The Mosquito Coast - Paul Theroux - Halfway through this. I might have to rewatch the movie at some point. Being stuck with such an unlikable main character for nearly 400 pages doesn't bug me because world-traveler Theroux posesses sharp observational skills and Allie Fox's misanthropic skewering of modern American life is more often than not dead-on.
The Things They Carried - Tim O'Brien - Not just the best novel (in spirit a collection of related short stories, actually) about Vietnam, it's one of the best war novels ever written. My favorite is the one where the narrator (some version of Tim himself) almost chickens out to Canada and hides out in a remote cabin with the old caretaker and the border just across the lake. Or the one where the soldiers accidentally camp out in the field where the villagers go to shit and one of them literally drowns in the shit during a firefight.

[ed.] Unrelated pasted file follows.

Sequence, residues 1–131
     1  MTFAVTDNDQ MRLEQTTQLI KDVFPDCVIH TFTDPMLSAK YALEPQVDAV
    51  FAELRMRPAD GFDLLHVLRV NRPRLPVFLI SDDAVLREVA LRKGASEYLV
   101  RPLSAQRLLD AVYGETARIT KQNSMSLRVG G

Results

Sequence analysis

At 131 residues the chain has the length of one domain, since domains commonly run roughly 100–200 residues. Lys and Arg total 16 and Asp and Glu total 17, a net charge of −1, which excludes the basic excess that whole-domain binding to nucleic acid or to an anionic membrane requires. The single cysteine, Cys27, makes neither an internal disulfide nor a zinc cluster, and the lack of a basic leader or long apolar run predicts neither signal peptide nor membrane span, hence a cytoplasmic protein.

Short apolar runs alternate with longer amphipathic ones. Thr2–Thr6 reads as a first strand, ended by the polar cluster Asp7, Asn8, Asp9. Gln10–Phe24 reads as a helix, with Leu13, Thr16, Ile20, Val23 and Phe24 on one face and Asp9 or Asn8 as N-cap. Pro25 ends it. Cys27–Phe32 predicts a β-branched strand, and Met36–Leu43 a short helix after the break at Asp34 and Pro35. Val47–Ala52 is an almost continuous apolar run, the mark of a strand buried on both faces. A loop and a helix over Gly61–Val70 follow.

Mr. Nice - Howard Marks - The Most Interesting Man in the World? If even half of this autobiography is to be believed (and I wouldn't trust Marks as far as I could throw him), he was truly a Renaissance man of international drug smuggling, money laundering, terrorist funding, Thai brothel-owning, mail-order Hong Kong brides to gay British men, high finance crime. A lower-middle class Welsh boy who lucked into an Oxford scholarship, by his 40s he had ties to the MI6, IRA, CIA, Mafia, Triads, the Mexican Secret Service, Afghani rebels, Pakistani diplomats....and over 40 false identities and phony passports. A lot of this is in court documents, so I'm sure that 2/3 of it is close to the truth, and a lot of shadier stuff is glossed over to make himself more sympathetic. It's his vivid word-for-word memories of conversations and events that happened 20 to 30 years previous that I found the most unbelievable (especially when he claims to have smoked pot/hashish every day of his life since Oxford). Reminds me of Catch Me If You Can, only much more exciting and interesting.